Gardening in Trinidad and Tobago: Our Style

by Chancy Bachan-Moll (The Garden Club of Trinidad, 170 pp, ISBN 9789768255822)

Whether your thumb is green, or you can’t cultivate a cactus, there’s no denying that a verdant world blooms between the pages of this more-than-a-coffee-table-book. Founded in 1993, the Garden Club of Trinidad has spread its modest tendrils, from an intimate gathering of friends growing greenery, to a bountiful organisation committed to holistic preservation of T&T’s natural landscapes. Even if the science of bromeliads and other plant families eludes you, an evening of reflective contemplation spent with Gardening in Trinidad and Tobago: Our Style has the power to enliven, educate, and inspire. Every curated garden photographed herein, be it modest or expansive, is stunningly presented, with love glistening from each leaf.


Enter the World of Hardears

Jouvert Island. Home to flying buses piloted by giant fish, defended by landships — vessels built of ancestral memory: here’s a realm where everything depends on the essential life force called “vibez.” It’s a world informed, and inhabited, by the indisputably Caribbean. Here shines a contemporary graphic novel series as ambitious and fully realised as anything emerging from larger metropolitan studios.

The world of Hardears is masterminded by Barbados-based Beyond Publishing, helmed by Matthew Clarke (creator/story/art) and Nigel Lynch (story/script). Alongside fellow creators Aguinaldo Belgrave and Tristan Roach, who oversee other projects, Beyond Publishing is on the frontlines of what’s achievable in comic books of the current era: these titles are as politically charged as they are packed with feats of super heroism and special effects.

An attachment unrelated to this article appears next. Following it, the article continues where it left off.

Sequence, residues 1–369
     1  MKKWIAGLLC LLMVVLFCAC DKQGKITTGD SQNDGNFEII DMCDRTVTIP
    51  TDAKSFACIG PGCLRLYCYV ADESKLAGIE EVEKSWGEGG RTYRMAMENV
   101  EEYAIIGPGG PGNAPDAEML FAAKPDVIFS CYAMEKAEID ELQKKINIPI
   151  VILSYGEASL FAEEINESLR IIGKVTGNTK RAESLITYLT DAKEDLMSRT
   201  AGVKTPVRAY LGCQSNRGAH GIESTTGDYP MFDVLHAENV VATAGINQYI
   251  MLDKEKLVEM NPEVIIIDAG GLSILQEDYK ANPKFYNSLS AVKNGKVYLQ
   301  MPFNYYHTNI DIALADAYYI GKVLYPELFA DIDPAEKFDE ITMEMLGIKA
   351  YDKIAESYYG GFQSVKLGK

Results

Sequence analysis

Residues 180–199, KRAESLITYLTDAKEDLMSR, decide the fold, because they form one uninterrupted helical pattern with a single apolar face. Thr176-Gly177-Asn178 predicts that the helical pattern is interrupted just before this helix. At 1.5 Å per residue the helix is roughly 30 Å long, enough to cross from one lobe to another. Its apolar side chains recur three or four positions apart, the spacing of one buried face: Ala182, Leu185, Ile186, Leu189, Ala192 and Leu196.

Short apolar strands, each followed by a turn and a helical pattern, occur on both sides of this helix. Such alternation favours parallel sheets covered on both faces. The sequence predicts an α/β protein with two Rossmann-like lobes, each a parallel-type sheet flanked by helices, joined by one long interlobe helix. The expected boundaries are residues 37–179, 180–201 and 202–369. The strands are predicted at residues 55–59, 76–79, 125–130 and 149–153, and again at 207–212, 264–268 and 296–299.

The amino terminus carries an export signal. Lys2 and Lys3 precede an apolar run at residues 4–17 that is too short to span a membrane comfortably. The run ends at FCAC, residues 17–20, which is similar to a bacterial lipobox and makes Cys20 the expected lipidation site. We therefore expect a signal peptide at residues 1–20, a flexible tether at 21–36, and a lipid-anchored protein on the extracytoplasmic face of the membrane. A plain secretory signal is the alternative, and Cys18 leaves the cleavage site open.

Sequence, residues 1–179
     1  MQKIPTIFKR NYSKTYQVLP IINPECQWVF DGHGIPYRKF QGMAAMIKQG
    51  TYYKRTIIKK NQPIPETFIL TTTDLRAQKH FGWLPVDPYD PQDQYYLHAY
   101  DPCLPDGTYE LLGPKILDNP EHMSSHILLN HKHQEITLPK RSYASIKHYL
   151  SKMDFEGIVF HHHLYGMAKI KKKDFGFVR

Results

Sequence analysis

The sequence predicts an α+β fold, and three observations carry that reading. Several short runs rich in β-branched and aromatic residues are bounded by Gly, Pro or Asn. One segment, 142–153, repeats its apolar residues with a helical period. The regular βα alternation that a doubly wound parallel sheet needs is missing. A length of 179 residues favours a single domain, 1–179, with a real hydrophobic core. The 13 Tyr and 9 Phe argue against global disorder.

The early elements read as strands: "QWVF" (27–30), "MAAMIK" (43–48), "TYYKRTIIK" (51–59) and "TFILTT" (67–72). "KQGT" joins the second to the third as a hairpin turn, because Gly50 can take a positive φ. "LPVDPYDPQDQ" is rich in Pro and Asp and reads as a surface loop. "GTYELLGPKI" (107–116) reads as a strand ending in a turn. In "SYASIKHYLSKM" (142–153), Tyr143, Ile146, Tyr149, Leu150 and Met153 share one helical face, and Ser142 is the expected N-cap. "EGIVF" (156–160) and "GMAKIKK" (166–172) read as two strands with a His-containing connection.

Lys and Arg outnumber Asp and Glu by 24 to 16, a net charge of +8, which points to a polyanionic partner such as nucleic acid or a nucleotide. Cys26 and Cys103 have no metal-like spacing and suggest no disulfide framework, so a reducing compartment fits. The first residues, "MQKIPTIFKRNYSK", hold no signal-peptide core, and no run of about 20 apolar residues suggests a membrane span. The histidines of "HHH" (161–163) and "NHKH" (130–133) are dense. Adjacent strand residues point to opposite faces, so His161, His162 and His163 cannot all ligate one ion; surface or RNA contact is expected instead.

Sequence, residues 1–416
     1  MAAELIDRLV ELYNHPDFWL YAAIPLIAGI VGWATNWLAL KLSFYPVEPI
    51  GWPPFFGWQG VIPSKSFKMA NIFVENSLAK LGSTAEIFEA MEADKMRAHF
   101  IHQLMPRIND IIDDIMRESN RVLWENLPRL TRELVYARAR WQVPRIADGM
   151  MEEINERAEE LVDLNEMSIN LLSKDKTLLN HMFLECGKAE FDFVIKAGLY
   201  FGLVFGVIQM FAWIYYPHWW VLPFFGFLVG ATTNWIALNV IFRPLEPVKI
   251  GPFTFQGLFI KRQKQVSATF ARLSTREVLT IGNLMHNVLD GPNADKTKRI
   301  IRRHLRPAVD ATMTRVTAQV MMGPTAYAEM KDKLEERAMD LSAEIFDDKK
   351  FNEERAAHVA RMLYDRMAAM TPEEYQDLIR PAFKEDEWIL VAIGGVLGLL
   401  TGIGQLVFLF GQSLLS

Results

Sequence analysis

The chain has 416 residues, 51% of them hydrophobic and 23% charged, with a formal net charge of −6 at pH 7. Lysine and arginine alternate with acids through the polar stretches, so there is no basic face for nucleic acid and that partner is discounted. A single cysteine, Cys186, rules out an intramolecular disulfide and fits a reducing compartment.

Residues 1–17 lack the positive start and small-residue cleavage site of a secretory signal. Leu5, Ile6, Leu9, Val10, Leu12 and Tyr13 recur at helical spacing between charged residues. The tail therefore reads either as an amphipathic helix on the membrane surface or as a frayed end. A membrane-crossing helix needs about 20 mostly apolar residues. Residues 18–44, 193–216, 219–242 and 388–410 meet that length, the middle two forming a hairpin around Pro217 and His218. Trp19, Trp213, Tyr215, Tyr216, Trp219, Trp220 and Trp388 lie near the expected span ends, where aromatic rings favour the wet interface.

In Hardears Volumes 1 through 4, Jouvert Island braces against a baleful anthropomorphised super storm, confronts the corporate face of hyper-mechanised industrialisation, and takes us into the clouds on the soaring wings of a landship, piloted to the tattoo of tuk band music. Our principal hero, Bolo, King of the Crop, Champion of the Agri Guild, works stubbornly to thwart the postcolonial power of Mr Hardin, alongside resolute heroine Zahra. There’s even a diminutive, tangerine-hued animal sidekick, Duppy, last of the Barbados Raccoons, who supplies picong and pithy observances. From moko jumbies to stern nautical empresses, Clarke and Lynch have poured rapt, fascinated attention into the Hardears world: a tradesman, speaking no lines but magnificently bedizened, is given perfectly calibrated room to cavort on the page alongside a crafty, faceless villain.

These are islands made for multiple memorable returns: it’s impossible not to be compelled by this impeccably imagined romp of a graphic novel. You’ll find that steeping yourself in its pages produces ample vibez.

To order the Hardears series, visit www.beyondpublishingcaribbean.com